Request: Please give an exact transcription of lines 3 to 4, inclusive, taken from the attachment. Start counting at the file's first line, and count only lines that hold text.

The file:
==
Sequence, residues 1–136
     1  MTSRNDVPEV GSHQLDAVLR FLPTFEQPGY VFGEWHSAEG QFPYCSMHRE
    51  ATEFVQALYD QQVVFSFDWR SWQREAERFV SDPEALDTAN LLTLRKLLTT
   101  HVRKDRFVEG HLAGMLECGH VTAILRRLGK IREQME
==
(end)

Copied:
    51  ATEFVQALYD QQVVFSFDWR SWQREAERFV SDPEALDTAN LLTLRKLLTT
   101  HVRKDRFVEG HLAGMLECGH VTAILRRLGK IREQME